Flowers of Furano & Biei, Part 1 (5/7)

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Greetings. This is Nazrul from the Hokkaido Government Representative Office.

Map route (map source: Ministry of Land, Infrastructure, Transport and Tourism)

After exploring Asahidake and Higashikawa, it’s time for me to move on to Biei next. On 28 July, I took a 30-minute train ride from JR Asahikawa to JR Biei, and met up with my guide before heading off to my first stop: the Hokusei-no-Oka Observatory Park.

Hokusei-no-Oka Observatory Park, 35-min walk from JR Biei station

The park overlooks and offers a panoramic view of Biei town, but unfortunately it was raining the entire day. Still, I got to see the town at the bottom and many other visitors were there too. The entry to the park is free, and it’s a popular spot for all tourists.

Kanno Farm, 15-min walk from JR Bibaushi station

My next stop is Kanno Farm, one of the most popular tourist spots in Kamifurano. Many people recognizes the name ‘Furano’ because of lavenders, and the name has since been synonymous with flower viewing during the summer. Kanno Farm is one of the must-see places for flower viewing in Hokkaido, where different varieties of flowers bloom until October.

Closeup of bee and flower at Kanno Farm
View of Kanno Farm

Next, my guide brought me to a lavender farm in Kamifurano for me to try my hands on lavender picking. It’s my first time doing such a thing, and it’s interesting to see what lavenders smell like up close. It has a slightly medicinal and soothing smell, which I find very comforting.

Lavender picking in Kamifurano
Lavender picking experience
Lavenders in Hokkaido

After that, I joined up with my friend Adrienne who stays travel writer based in Hokkaido. We met up for lunch at a local barbecue eatery where we had the local specialty ‘Sagari’ pork yakiniku. It is said that pork in Furano is some of the best Hokkaido has to offer, and I had to agree: it was one of the best barbecued meat I’ve had in a long time.

‘Sagari’ pork charcoal-fire yakiniku, JPY 2000 (approx. SGD 24) per person 
Flowers outside JR Kamifurano station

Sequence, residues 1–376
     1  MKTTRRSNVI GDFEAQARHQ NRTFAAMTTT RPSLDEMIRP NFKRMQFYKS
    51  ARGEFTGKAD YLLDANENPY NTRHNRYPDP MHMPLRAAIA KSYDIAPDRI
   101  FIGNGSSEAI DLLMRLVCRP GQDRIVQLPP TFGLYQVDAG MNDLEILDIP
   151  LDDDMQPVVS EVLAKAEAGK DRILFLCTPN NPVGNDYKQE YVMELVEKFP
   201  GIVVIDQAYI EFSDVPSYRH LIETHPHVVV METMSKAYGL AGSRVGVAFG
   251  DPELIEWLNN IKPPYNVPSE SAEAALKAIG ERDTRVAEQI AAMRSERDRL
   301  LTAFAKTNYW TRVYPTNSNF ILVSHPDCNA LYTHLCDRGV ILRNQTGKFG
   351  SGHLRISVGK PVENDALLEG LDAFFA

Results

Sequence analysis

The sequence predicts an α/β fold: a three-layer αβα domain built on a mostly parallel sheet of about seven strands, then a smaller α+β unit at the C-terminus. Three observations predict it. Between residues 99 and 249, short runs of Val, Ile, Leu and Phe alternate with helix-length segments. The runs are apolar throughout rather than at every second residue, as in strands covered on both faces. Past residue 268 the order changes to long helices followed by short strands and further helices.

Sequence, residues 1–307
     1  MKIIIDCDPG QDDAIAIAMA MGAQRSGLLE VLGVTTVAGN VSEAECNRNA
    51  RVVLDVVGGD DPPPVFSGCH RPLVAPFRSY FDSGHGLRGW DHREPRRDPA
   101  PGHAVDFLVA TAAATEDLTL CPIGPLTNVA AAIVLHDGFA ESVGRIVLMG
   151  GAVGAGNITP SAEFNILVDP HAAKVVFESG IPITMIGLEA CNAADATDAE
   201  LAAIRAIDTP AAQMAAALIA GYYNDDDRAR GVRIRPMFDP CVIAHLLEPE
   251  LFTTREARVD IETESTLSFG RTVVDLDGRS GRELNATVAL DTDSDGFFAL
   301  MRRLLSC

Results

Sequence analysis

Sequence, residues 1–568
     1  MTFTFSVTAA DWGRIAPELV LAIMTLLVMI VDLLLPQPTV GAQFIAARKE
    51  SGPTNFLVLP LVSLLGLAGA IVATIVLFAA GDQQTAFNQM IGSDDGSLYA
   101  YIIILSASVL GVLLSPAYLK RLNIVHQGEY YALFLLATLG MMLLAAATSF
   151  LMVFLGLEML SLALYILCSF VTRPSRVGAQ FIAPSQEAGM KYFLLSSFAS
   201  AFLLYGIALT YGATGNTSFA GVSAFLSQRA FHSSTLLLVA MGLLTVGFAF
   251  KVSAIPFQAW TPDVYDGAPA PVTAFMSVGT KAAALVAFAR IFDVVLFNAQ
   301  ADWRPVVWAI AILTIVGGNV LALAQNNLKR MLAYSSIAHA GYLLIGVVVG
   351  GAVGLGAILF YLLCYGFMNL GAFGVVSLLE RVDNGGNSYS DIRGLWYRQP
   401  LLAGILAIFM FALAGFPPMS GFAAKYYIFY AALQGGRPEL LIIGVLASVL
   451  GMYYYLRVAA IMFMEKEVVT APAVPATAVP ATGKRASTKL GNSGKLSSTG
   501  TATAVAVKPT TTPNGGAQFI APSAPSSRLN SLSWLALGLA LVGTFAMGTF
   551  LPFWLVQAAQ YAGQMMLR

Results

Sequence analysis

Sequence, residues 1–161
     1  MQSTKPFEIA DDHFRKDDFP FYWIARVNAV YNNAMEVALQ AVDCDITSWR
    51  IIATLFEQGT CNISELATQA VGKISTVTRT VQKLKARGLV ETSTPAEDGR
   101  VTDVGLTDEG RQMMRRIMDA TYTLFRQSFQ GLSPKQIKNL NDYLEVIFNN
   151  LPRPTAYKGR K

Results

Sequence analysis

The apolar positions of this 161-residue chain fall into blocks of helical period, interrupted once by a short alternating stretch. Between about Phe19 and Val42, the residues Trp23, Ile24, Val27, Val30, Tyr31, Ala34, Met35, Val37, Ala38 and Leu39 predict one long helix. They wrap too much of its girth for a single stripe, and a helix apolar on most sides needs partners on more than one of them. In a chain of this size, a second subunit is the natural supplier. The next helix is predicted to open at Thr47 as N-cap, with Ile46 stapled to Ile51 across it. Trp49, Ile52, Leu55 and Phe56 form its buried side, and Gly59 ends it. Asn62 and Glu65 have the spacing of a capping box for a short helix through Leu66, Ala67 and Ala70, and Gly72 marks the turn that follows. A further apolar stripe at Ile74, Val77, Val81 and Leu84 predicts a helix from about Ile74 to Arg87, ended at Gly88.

After lunch, I went over to a local coffeehouse YAMAICHI where the owner Mr. Shingo Saitoh rents out bicycles, and also sells food such as melon juice and lavender ice cream. He also grows interesting vegetables in his farm at the back, such as star-shaped cucumbers.

Lavender ice cream, JPY 500 (approx. SGD 6)
Star-shaped cucumber

Just next door is the Miyama Pass Art Park, a park that overlooks Mount Tokachi and features the Trick Art Museum. It also has some souvenir shops where Ainu handicrafts are sold. The museum is popular among tourists as well, and it’s worth paying a short visit while you’re in Furano area.

Ainu handicraft
Trick Art Museum, JPY 1300 (approx. SGD 15.50) per person

Next up is Flower Land Kamifurano, another very popular tourist spot for flower viewing in Furano region. It’s a sprawling flower park where many different varieties of flowers such as sunflowers and lavenders bloom especially during the summer, and it’s very popular among group tours. It also has a lavender workshop where visitors can make their own lavender pillow.

Flower Land Kamifurano, free entry
Sunflowers
Photo taken from inside sightseeing bus tractor, JPY 500 (approx. SGD 6) per adult
Flower Land Kamifurano

Next, I went over to a local wholesale melon farm where I got to see how melons are grown and harvested. The most popular type of melon in Hokkaido is the Yubari melon, and it’s so popular that supply can run out very quickly during peak season. Growing melons requires a lot of patience, and they taste amazingly sweet compared to the ones in Singapore.

Hokkaido melons
How melons are grown
Hokkaido melon, JPY 4500 (approx. SGD 54) each

Next, I dropped by a local winery store to have a look at local wines and grapes. Furano wine is becoming more popular these days, thanks to good weather that enables growing quality grapes. Before my day ends, I headed over to Hinode Park, another park that overlooks the town below.

Tada Winery
Hinode Park

I checked into Tokachidake Onsen Ryounkaku for that night, and had dinner there with the local farmers. They brought some local produce such as white corn and melon for the dinner, all of which were scrumptious. It was a very long day, but fun nonetheless, and it will be another long one the next day.

Hokkaido white corn
Hokkaido melon

My exploration of Furano and Biei continues in the blog post. Stay tuned!

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